With a national healthcare crisis looming, dental professionals can help. By 2050, the U.S. CDC has projected that one in three Americans will be diabetic and a recent Harvard study projected the obesity rate will average 42%. Rising disease means rising disability, doctor shortages, and astronomical costs. None of us are hopeful that our government can magically turn the escalating trends downward. And even if it were possible for universal healthcare to pay for the ravages of lifestyle related disease, it doesn’t address the root causes or suggest a solution to the rising trends. If we are ever going to turn this situation around, we must do it in our own homes.
How Can Dental Professionals Help?
Do you realize the prophy/exam visit is the last standing regular preventive visit in healthcare? If we can all learn to examine the patient differently, we can predict negative outcomes and preempt major disease and help facilitate heath change behavior…at every age!
Have you noticed that when your physician looks in your mouth, he or she looks right past your lips to the back of your throat? Even if he scans your mouth, chances are he can’t recognize the early signs of periodontal disease, caries disease, oral cancer, or occlusal disease. Dental professionals, on the other hand, look in the mouth with trained eyes and see it all. But like the physician—as is human nature—we see only what we expect to see!
What if we could look in the mouth with super-powered eyes and immediately see an array of other signs—signs of early systemic diseases/disorders such as diabetes, sleep apnea, heart disease, acid reflux, food sensitivities, fungal infections, drug/alcohol dependency, multiple drug interactions/side effects, vitamin deficiencies, cancer-causing viruses, or depression? The good news is, we can! Oh, what the mouth can tell us about the body, if we would just make the investment to retrain our brains.
Dental Examinations in an Oral-Systemic Era
Today, the new patient exam begins under one year of age because one-third of three-year-olds already have active decay and many are well on their way toward a lifetime of obstructed breathing. The infant oral exam includes a significant dialogue with the child’s caregivers, helping them understand our up-to-date concepts on raising healthy children. For example, most don’t know that caries are 100% preventable if we can prevent saliva transmission. So is childhood obesity if we can gift caregivers with a few food rules. Incidentally, offering infant oral health exams is a fantastic source of adult new patients!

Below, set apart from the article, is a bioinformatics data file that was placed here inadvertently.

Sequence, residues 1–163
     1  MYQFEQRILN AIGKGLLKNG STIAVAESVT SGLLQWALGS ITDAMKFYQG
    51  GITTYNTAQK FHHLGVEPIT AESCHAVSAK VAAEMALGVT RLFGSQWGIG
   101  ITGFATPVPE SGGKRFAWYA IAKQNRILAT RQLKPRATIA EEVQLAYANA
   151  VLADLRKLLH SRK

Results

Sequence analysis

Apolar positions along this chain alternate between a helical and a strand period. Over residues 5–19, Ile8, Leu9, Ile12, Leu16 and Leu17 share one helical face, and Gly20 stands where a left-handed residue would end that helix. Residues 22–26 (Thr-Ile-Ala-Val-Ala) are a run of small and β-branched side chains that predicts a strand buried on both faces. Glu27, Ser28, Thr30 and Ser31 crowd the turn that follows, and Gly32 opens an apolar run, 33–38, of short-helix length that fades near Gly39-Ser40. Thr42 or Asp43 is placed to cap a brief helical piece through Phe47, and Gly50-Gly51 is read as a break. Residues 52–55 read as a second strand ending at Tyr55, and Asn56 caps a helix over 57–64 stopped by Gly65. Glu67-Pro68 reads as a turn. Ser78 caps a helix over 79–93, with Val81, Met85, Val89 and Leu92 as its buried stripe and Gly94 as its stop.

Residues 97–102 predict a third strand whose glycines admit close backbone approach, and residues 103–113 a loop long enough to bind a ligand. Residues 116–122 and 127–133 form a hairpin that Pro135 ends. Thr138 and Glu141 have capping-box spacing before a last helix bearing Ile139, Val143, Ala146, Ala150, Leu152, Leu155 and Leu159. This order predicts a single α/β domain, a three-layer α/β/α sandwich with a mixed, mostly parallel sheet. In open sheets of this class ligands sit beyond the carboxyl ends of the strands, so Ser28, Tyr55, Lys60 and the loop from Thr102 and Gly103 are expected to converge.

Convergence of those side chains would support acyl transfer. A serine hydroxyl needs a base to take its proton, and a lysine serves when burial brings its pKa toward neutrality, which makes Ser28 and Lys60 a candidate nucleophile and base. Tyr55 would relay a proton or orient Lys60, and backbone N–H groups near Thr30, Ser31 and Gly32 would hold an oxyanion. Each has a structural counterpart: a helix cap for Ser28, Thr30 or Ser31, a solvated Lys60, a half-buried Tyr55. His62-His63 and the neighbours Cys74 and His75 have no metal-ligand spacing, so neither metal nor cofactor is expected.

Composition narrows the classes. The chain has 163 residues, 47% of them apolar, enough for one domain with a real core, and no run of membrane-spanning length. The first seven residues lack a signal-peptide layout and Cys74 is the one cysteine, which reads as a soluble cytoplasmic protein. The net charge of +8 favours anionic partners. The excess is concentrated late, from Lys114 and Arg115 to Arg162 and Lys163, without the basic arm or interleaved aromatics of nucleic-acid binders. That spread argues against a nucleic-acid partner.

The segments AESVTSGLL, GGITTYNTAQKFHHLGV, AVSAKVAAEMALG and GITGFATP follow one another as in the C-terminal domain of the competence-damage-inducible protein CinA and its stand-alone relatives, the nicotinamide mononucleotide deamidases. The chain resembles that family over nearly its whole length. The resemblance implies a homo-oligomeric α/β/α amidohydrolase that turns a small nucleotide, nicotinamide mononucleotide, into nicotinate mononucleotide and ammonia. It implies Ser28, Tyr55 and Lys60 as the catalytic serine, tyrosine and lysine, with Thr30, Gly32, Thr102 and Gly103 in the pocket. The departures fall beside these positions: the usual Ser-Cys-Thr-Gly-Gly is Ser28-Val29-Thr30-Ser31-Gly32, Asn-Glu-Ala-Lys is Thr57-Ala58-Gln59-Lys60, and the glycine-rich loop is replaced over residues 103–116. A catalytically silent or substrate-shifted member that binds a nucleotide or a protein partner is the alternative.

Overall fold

Child exams might now include a summary of growth and behavior change: home care skills/habits, posterior airway and lip closure analysis, addressing significant weight gain, diet/nutrition counsel, early signs of depression, and even a letter of information and/or advocacy to the child’s physician.
An adult new patient visit can begin with a significant dialogue—letting the patient tell their own story instead of relying on a written health history. During this interview, stay very curious and resist the urge to educate. Strive to learn everything about their dental and medical histories, current frustrations, imagined solutions, and what level of systemic health/oral health/function/esthetics he or she is seeking. Remember, the more you know about your patient before you put your gloves on, the greater is your ability to help them and the higher is your rate of case acceptance.
When you finally examine, make sure you’re are able to recognize all that the head/face/mouth is telling you. Don’t forget we now have a plethora of advanced technologies to help—for example, salivary diagnostics. From a single drop of saliva, we can detect bacteria that travel to nest in blood vessels and vital organs, genetic biomarkers of periodontal disease and cardiovascular disease, underlying fungal infections, and HPV—the leading cause of oral cancer. We can also monitor pre-diabetes and diabetes from a single drop of blood in fewer than five minutes.
The Future of Preventive Dentistry
As the public hears more about the myriad of oral-systemic links through mainstream media, the preventive dental visit is taking on more importance. Patients are expecting dental professionals to see their mouth as a window to what’s going on in the rest of the body. Here’s your call to action: The sooner you go back to school to learn how to conduct a personalized total health exam, the more heartily you will stand out as the go-to practitioner for health-seeking patients in your community.
Want to get a jump-start on your transformation? Attend AAOSH’s 7th Annual Scientific Session, September 15-17, in Salt Lake City.